Several clinical features have been identified for pneumonia prediction in outpatient settings. According to a meta-analysis in adults , symptoms such as cough, fever, tachycardia, and dyspnea were limited as a single predictor for the diagnosis of pneumonia. Clinical features that showed the best pooled positive likelihood ratios were respiration rates > 20/min, temperature ≥ 38 °C, pulse rates > 100/min, crackles, and molecular biomarkers of procalcitonin (PCT) > 0.25 ng/ml and C-reactive protein (CRP) > 20 mg/l. However, so far clinical decision rule that combines these clinical features together for predicting radiographic pneumonia is still lacking.
In this study, we assessed the value of symptoms, signs, and laboratory tests in predicting pneumonia among AFRI patients who came to our fever clinics and worked out a simple multivariable model for pneumonia prediction in these patients. Then an external multi-center validation study was conducted with a bigger and more varied patient population in 5 primary care settings from different provinces in China.
This is a cohort study that was planned as a two-stage program. The first stage was to develop a simple multivariable model for pneumonia prediction in AFRI patients, and all the works were conducted in the fever clinics of Shanghai General Hospital. The second stage was to validate the model in a bigger population and with the participation of more primary care settings from different areas of China. A checklist from Transparent Reporting of a multivariable prediction model for Individual Prognosis or Diagnosis (TRIPOD) guideline was completed .
Model development population
Patients who visited fever clinics in the two campuses (north campus in the urban area and south campus in the suburban area) of Shanghai General Hospital between January 22 and February 6, 2020, were enrolled in the first stage of this study. Fever clinics are primary care settings that are used to treat and triage fever patients in China. The inclusion criteria for this study were as follows: (1) patients were ≥ 18 years of age, and presented with respiratory symptoms, including running nose, nasal congestion, sore throat, cough, purulent sputum, and dyspnea; (2) body temperature ≥ 37.3℃ by ear thermometer for 2 times; (3) blood routine test and CRP were taken during the clinic visit. The biomarker procalcitonin wasn’t chosen in the study due to its unavailability for rapid measurement. Pregnant patients were excluded from the study.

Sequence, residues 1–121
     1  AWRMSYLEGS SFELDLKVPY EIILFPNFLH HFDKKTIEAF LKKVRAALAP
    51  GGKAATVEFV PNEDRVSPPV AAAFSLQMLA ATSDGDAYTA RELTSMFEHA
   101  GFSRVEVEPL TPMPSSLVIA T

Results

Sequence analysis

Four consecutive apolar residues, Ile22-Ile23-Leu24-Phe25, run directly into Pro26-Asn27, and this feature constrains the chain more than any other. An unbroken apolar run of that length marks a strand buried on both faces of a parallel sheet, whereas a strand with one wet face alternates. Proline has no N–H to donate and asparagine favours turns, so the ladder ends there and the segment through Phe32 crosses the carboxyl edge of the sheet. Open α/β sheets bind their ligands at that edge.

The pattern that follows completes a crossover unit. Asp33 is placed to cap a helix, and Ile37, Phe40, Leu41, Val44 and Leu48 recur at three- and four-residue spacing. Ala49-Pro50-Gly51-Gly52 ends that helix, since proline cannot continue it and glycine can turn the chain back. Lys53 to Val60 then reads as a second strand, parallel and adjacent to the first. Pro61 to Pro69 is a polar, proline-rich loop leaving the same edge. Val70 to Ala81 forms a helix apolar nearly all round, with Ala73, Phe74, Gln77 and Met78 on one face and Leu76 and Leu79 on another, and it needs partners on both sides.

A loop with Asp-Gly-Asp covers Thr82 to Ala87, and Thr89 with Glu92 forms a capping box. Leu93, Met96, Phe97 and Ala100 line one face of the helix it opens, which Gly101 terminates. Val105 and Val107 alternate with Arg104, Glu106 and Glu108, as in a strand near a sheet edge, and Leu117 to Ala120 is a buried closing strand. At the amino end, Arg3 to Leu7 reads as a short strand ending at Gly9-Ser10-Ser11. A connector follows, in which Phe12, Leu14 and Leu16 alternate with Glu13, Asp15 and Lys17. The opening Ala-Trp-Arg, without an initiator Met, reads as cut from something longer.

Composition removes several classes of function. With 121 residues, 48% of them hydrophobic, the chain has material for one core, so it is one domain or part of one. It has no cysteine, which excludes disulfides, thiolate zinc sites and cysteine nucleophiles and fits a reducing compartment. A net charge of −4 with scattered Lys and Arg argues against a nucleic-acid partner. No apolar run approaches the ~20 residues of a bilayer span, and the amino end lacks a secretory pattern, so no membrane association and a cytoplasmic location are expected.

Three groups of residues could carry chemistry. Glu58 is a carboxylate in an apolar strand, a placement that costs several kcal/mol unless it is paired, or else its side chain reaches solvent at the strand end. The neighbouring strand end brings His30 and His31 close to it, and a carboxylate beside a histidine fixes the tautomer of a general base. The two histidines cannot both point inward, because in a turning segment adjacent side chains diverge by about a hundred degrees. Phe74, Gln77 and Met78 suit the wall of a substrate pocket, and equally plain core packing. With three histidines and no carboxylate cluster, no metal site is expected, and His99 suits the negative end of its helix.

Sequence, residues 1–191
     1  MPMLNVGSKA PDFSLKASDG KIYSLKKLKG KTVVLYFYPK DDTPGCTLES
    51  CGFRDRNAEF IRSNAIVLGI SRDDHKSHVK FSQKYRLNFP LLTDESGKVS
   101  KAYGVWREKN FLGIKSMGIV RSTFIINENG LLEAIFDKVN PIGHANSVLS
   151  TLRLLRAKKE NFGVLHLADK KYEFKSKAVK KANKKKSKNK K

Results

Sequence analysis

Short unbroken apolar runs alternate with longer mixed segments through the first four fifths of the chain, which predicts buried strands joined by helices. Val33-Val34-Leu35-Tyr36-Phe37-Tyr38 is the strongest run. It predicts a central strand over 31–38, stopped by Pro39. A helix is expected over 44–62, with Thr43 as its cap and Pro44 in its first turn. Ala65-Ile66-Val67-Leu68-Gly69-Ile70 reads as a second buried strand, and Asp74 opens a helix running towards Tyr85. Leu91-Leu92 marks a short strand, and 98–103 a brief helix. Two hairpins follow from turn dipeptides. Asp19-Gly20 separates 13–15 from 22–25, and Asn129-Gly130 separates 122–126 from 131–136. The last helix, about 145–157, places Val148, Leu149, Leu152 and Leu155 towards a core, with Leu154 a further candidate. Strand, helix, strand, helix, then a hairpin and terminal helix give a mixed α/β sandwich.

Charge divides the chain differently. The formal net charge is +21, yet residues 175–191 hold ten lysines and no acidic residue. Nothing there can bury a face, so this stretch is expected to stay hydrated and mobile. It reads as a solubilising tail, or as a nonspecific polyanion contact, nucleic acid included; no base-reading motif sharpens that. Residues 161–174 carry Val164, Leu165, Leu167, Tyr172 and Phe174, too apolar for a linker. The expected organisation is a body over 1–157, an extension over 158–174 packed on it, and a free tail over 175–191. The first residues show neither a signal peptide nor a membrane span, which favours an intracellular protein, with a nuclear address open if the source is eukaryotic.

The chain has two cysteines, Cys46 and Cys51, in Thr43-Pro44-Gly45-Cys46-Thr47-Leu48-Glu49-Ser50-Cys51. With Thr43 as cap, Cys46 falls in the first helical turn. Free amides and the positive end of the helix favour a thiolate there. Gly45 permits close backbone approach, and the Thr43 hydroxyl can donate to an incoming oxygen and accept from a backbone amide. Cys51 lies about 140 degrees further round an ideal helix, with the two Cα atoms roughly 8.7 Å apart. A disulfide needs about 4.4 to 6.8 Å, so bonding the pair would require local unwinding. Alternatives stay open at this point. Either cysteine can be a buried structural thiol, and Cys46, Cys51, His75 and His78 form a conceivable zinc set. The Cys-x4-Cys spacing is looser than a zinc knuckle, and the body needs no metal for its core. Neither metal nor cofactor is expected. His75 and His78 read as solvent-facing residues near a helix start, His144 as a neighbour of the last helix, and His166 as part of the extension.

Physicians, wearing protective clothing and face masks, recorded a detailed medical history and reviewed the blood test results. Once a patient had fever for more than 3 days or had epidemiological contact with novel coronavirus 2019, they ordered chest high-resolution CT scans.
Clinical variables and predictors
Clinical characteristics of patients were collected as follows: duration of fever; accompanying symptoms; body temperatures; respiration rates; pulse rates; pulse oxygen saturation at fingertips. Results of blood tests, including CRP, were also collected. All these characteristics were included as predictors to develop a model for pneumonia prediction.
AFRI was identified in febrile patients (body temperature ≥ 37.3℃) who had one of the four respiratory symptoms including runny nose, nasal congestion, sore throat, and cough. Pneumonia was diagnosed when acute alveolar or interstitial infiltrates were found on CT images, which was interpreted independently by two experienced radiologists who were blind to the patients’ clinical characteristics. When radiologists had difficulty in determining whether infiltrates on CT images were acute or not, they excluded the related patients from the analysis.
External validation population